You may have noticed some big burly men throwing an egg-shaped ball around on TV lately. For those of you living outside of a public school in England or, for some reason, France, you may be wondering quite why this is. Accordingly, here is a quick primer on what you ought to know about rugby.
The first thing to know about rugby is quite how much happens that you cannot, for the life of you, see. This is, we are told, a spectator sport.
The best players are known for an incomprehensible reason as either ‘jackals’ or ‘masters of the dark arts’ despite being neither animals or having attended Hogwarts.
And just because we can’t see what’s going on, doesn’t mean it isn’t good.
Whether in a srcum – think 16 men have all lost a penny in the same place and are now fighting over it, while bent over – or at ‘the breakdown’ whether the best players are known for an incomprehensible reason as either ‘jackals’ or ‘masters of the dark arts’ despite being neither animals or having attended Hogwarts, you can be very sure that you’ll have no frickin’ idea what’s happening.
Luckily, that’s what the commentators are there for – to use their X-Ray vision to make something up about where the ball is hiding beneath six 18-stone men.
(That’s a lot of kg, if you were wondering.)
A game of stereotypes
The French rugby team is always the epitome of ‘gallic flair’, but unfortunately it’s also always the epitome of ‘choking’. Except when they play New Zealand who they have a strange debilitating effect on.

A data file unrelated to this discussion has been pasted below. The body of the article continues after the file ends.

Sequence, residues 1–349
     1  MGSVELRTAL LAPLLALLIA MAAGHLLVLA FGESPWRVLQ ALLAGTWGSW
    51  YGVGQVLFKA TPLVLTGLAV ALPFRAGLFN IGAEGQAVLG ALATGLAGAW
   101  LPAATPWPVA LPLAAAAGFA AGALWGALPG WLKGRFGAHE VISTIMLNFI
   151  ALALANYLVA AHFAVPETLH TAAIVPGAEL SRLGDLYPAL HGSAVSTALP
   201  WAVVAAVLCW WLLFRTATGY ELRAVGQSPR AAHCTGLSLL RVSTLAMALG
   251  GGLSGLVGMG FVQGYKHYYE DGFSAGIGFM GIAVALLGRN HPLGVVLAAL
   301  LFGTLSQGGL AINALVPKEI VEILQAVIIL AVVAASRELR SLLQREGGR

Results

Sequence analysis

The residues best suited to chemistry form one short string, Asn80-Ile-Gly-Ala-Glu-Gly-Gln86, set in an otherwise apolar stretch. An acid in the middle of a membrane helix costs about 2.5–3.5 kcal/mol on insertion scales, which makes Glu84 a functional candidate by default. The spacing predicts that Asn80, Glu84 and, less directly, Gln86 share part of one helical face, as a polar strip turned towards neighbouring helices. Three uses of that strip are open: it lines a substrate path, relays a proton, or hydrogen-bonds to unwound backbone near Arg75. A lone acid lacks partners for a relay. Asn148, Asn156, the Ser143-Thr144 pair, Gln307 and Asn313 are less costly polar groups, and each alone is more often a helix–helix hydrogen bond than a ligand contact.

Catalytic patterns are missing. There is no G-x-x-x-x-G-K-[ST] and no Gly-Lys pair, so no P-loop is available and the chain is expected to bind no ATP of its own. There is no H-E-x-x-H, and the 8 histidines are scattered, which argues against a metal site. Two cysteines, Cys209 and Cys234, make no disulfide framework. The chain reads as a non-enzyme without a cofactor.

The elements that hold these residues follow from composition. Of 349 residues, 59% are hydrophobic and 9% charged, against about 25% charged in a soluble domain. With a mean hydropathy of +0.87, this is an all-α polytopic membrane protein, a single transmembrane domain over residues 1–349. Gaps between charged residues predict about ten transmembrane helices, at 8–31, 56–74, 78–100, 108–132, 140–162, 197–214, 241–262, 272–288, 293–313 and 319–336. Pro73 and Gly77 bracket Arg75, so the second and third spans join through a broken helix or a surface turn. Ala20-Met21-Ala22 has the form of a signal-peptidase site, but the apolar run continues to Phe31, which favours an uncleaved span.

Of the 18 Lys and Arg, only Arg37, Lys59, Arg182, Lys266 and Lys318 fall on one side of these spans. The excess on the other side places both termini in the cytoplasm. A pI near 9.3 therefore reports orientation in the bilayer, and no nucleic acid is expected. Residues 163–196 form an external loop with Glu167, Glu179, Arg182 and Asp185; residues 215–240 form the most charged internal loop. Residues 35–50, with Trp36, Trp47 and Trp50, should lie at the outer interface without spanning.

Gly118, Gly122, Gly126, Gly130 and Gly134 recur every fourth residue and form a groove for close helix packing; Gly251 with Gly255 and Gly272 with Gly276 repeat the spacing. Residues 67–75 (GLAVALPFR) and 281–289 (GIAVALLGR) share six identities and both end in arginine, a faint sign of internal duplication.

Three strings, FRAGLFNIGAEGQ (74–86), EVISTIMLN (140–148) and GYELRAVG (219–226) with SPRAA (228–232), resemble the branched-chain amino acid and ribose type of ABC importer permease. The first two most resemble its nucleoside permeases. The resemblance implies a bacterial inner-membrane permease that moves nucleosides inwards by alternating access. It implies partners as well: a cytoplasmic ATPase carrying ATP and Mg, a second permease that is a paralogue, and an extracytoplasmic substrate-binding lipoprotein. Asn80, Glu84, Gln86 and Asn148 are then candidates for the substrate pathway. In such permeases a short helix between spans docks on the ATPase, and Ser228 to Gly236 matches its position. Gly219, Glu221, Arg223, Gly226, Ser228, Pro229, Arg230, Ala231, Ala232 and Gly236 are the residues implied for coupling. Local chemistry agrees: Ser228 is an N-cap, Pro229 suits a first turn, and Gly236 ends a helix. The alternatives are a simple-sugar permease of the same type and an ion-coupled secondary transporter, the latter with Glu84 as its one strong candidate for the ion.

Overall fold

England are big and like pushing each other.
Wales like running around and singing.
New Zealand are big scary men who are also very fast.
Italy are frustrated footballers.
Everyone is slightly confused by the presence of Russia.
Argentina are slightly better frustrated footballers.
Scotland just used to be good, back when in t’old days when it was a semi-professional sport.
Don’t call it dancing. It’s the Haka (at least when New Zealand do it, and you should be very scared and deferential.) The other Pacific Island nations also have cool equivalents like the Samoan Siva Tau that don’t get anywhere near enough press.
What’s with the little countries?
So the hope is always that they might get good. Unfortunately this hasn’t really happened. This is a huge surprise to the international rugby authorities who can’t work out why a) some countries get worse when they don’t get to play matches against the good teams and get their best players stolen by the big boys at the age of 12 or b) why Namibia are still rubbish even despite getting, erm, absolutely no money from World Rugby.
Jokes one cannot make
“There’s a position called hooker, giggle.”
“Isn’t that handball?”
“Like cricket, this game is much easier if you were once invaded by the British.”
“It is funny how bad the USA are. None of this namby-pamby NFL helmet business. Let’s ignore the fact that people keep being taken off with concussion – that’s nothing to worry about.”
Cover photo: MM+D (Flickr), Licence: CC by NC-ND 2.0